"Increasing the speed limit on motorways from 70 to 80 miles per hour for cars, light vans and motorcycles could provide hundreds of millions of pounds of benefits for the economy," so said Transport Secretary Philip Hammond on the plan to increase the national speed limit.
In saying so, he is either being naive or duplicitous, although to be fair, selling the plan at a Tory Party conference as 'greater harmonisation with our European neighbours' would have been rather more difficult.
Polls show that many of us admit to breaking the speed limit on the motorway, and regard 80mph as a 'safe' and comfortable speed in the UK. Some other European countries have their speed limits set at around that limit.
Vehicles are almost immeasurably safer now than they were when the current motorway speed limit was imposed more than 40 years ago. Safety campaigners say our record as having the lowest death and casualty rate on the roads will be put in jepoardy, and any higher casualty rate as a result can't be justified.
There is also concern over what people will regard as a comfortable maximum should the speed limit be set at 80mph. Will we see more people travelling at 90mph given that prosecution is rare from breaking the current limit by 10mph?
And now that driving bans are imposed when the speed limit is exceeded by 30mph, will drivers have to be caught exceeding 110mph before they lose their licences?
Whatever people say about vehicle safety, it might be true that an accident at 70mph would not be much less harsh than one at 80mph, there would be less time to react at 80mph so the chances are casualties would increase.
The argument that raising the speed limit will boost the economy is bogus. If we could merely increase the rate of economic recovery by the speed we travel on the roads, then why limit us to a mere 80mph? Surely 100mph would be better.
And what of all those motorways that are slow and congested at peak times? How many times have you driven pase a motorway message board showing a 40mph maximum when your average speed is no where near that?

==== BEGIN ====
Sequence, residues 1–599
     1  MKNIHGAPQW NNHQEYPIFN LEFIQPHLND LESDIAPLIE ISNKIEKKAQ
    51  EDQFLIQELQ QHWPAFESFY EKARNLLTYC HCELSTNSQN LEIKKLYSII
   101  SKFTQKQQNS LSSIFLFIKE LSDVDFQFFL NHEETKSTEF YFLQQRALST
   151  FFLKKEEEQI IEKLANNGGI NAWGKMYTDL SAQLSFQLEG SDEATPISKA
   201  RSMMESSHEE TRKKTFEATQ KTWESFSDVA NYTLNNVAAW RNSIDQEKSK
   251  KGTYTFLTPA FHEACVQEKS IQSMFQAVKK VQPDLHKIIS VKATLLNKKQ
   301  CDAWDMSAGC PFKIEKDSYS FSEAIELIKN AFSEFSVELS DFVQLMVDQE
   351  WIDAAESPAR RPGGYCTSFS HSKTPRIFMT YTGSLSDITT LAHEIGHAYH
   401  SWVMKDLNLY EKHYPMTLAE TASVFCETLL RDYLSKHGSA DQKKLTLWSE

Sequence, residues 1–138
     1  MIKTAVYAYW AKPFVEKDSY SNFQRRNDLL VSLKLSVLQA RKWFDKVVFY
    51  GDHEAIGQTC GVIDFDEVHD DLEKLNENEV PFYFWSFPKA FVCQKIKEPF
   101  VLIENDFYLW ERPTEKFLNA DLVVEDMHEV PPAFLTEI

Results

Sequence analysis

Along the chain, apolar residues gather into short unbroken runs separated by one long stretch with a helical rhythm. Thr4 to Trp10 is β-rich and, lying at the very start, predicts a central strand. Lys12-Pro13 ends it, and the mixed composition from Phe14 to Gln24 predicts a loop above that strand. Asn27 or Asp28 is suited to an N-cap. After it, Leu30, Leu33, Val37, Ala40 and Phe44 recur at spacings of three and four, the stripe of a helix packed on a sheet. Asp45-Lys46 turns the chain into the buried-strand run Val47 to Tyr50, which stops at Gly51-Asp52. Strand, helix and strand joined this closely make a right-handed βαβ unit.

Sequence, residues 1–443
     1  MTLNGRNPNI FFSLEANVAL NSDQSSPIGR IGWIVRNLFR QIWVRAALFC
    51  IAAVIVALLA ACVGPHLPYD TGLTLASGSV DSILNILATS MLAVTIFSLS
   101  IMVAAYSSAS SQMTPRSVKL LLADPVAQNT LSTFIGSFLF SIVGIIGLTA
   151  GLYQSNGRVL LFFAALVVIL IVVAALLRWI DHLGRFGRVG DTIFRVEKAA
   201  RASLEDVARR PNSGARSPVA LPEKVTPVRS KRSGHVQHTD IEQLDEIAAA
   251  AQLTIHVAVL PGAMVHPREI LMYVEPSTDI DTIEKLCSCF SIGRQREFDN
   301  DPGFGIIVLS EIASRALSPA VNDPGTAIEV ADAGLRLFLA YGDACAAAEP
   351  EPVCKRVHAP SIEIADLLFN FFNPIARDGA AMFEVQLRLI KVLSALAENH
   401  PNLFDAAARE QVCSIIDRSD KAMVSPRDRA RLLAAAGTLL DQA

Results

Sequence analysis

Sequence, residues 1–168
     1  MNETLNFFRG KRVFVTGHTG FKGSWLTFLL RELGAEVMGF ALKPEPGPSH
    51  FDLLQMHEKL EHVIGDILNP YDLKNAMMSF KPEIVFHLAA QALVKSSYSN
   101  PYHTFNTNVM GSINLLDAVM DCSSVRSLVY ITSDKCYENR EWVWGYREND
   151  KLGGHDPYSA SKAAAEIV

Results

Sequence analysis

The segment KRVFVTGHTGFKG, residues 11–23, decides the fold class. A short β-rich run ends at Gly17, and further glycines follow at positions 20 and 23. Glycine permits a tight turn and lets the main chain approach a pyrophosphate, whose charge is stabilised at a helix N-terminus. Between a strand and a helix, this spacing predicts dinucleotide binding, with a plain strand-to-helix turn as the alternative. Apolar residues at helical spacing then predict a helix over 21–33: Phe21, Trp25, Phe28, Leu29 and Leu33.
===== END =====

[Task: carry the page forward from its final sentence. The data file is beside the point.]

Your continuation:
Many van fleets - along with heavy trucks surely the blood in the arteries of our road network that keep the country going - who take their responsibilities seriously already limit their vehicles well below the 70mph limit. There will be no benefit here from reduced travel time.
And those HGVs are limited to 56mph and have strict rules regarding the length of time spend on the road each day.
But older vans run my smaller organisations with perhaps less professionalism are more likely to be the ones without ABS and electronic stability control.
Some argue that it will make little difference other than decriminalise a proportion of the population who are otherwise law abiding. But if these people aren't prosecuted now for travelling at 80mph, where is the benefit in spending taxpayers' money conducting an expensive consultation and then potentially having to spend more on new speed limit signs.
And finally we come to the other 'economy' - fuel economy. It is higher at 80mph than at 70, although estimates vary. But it would appear that while many people complain about the cost of fuel, they would welcome measure that would see its consumption and cost increase by as much as 20%.
Perhaps the real economic benefit is in higher fuel duty and VAT receipts from increased fuel consumption.
Far from boosting the our struggling economy, the proposal to raise the motorway speed limit to 80mph is merely dabbling around the fringes of feel-good politics during austere times.